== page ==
A vital part of Fred Rogers’ compelling and irrepressibly optimistic vision of the world was his understanding of human beings as spiritual creatures—every last one of them. Young and old, saints and sages, bullies and bombasts, all of them are sacred, eternal creatures with a divine stamp on them. And owing to that stamp—the very image of God, the imago dei—each person is imbued with infinite value and worth.

            Fred was an ordained Christian minister, and Christianity has a lot to say about our imperfections and fallings short, which introduces the need for forgiveness. Fred even sang about it. First used on The Children’s Corner and later on the Neighborhood (until it had to be removed because of the explicit reference to God) was the song Goodnight, God. The words and music were by Josie Carey and Fred, and it went like this:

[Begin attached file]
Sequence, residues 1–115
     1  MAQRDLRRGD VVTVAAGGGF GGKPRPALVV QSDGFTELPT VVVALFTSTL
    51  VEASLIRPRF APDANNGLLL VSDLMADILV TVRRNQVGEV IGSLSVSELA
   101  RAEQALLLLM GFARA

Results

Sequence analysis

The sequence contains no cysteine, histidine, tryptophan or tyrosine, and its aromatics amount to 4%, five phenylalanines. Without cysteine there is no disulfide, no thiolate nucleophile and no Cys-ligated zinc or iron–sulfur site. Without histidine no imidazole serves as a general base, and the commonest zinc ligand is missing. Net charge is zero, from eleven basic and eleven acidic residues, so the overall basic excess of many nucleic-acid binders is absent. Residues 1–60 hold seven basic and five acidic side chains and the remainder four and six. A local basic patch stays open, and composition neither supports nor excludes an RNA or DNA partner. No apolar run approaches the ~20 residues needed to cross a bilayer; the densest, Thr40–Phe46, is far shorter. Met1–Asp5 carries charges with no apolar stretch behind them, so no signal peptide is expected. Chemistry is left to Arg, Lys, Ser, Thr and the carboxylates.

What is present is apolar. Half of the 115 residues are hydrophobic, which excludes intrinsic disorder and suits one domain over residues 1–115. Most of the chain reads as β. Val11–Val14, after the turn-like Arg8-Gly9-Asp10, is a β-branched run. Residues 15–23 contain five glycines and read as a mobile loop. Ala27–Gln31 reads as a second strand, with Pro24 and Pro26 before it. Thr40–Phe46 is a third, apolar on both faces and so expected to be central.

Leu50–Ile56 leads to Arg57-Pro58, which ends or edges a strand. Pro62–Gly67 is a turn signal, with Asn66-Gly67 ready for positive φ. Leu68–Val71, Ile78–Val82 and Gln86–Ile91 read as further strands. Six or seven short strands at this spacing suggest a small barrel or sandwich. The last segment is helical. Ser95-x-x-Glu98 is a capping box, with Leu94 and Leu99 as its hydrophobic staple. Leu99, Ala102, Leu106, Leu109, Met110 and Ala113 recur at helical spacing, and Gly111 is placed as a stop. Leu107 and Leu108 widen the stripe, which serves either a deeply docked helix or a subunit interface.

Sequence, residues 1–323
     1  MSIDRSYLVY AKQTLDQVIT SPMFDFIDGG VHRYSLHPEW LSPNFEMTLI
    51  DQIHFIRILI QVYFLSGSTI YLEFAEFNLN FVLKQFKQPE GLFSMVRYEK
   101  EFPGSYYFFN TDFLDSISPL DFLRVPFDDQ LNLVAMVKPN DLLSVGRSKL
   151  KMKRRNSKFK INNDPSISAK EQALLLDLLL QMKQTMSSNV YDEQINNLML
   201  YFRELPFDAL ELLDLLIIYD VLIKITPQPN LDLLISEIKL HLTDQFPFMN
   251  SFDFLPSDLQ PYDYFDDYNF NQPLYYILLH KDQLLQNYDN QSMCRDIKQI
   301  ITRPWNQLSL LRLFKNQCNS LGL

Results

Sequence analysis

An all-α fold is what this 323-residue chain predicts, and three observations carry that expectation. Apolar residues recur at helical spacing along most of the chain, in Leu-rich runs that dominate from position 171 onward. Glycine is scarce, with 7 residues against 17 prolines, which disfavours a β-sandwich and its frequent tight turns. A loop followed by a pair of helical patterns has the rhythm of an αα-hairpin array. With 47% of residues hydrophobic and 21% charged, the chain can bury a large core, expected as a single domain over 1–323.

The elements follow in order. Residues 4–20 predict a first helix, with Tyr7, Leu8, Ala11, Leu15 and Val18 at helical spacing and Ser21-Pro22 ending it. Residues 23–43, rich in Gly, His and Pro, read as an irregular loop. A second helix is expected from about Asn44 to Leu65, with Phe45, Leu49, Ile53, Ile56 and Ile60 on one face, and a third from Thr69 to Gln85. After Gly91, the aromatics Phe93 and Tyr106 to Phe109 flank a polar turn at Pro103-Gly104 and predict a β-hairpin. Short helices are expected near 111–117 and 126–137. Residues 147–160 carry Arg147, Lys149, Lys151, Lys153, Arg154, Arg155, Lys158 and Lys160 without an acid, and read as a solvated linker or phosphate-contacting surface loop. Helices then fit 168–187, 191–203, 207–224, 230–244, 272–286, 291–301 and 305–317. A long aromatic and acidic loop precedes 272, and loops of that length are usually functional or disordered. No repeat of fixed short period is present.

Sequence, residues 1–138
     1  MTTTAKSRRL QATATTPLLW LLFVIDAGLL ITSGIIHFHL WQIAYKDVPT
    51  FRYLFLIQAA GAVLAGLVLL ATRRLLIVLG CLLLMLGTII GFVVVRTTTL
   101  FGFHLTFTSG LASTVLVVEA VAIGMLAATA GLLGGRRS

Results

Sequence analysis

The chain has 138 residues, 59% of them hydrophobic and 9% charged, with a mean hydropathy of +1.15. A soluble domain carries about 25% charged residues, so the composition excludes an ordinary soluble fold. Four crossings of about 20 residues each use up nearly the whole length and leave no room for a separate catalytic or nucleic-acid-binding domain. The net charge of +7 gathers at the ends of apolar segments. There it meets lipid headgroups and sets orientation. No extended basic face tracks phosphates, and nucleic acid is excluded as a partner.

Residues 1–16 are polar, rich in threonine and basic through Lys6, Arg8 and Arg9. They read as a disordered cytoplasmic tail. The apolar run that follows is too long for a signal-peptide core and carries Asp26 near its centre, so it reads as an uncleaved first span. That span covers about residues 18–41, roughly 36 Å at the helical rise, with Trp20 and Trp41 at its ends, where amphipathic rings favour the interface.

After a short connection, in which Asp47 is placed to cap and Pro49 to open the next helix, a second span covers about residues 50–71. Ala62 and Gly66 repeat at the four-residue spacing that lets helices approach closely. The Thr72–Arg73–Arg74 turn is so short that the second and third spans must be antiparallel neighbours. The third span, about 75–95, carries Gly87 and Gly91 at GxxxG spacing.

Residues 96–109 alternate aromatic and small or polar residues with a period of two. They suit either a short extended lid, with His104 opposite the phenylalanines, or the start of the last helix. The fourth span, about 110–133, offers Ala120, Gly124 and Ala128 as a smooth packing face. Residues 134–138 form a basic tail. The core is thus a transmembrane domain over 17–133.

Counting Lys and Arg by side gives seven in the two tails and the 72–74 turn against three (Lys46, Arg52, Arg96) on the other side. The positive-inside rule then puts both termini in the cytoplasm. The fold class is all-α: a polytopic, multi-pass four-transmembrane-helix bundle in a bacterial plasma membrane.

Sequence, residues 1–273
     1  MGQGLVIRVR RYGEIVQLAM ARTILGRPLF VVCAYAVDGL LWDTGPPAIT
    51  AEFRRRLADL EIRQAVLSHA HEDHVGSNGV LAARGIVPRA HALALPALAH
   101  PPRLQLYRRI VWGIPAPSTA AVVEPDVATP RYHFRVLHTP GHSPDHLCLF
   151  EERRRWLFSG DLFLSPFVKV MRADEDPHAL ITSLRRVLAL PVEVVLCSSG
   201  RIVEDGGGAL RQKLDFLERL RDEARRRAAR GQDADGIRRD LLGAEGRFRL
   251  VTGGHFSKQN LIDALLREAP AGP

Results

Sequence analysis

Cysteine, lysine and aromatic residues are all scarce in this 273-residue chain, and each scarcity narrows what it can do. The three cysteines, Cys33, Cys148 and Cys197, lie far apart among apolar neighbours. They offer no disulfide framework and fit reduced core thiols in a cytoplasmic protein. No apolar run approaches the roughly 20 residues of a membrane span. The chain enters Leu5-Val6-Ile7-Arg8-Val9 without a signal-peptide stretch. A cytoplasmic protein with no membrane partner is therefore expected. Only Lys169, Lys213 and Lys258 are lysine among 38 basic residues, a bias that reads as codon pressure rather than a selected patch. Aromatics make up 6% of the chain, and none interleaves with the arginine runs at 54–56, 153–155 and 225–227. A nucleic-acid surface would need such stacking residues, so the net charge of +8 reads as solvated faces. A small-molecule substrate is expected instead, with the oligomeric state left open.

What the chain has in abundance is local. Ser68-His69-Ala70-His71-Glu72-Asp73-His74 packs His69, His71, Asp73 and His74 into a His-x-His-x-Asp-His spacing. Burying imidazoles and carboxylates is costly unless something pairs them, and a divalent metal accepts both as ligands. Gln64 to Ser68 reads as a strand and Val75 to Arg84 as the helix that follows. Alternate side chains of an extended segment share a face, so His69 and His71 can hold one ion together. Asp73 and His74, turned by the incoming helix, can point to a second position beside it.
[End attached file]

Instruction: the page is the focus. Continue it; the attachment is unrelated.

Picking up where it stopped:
Goodnight, God, and thank you for this very lovely day.
Thank you, too, for helping us at work and at our play.
Thank you for our families. For each and every friend.
Forgive us, please, for anything we’ve done that might offend.

Keep us safe and faithful, God. Tell us what to do.
Goodnight God. And thank you God for letting us love you.
Goodnight God. And thank you God for letting us love you.

Fred wasn’t the sort of practical theologian to start with the bad news of our faults and failures and foibles. He was much more wont to start more positively, and this wasn’t just because of his own preferences; he had an important theological reason for doing so.

Readers may know that in a framed print on his office wall he prominently displayed his favorite quote “L’essentiel est invisible pour les yeux” from the children’s book The Little Prince by Antoine de Saint-Exupery. Its translation is that what’s essential is invisible to the eye. Fred liked to emphasize what’s essential, rather than what’s merely apparent, peripheral, or accidental.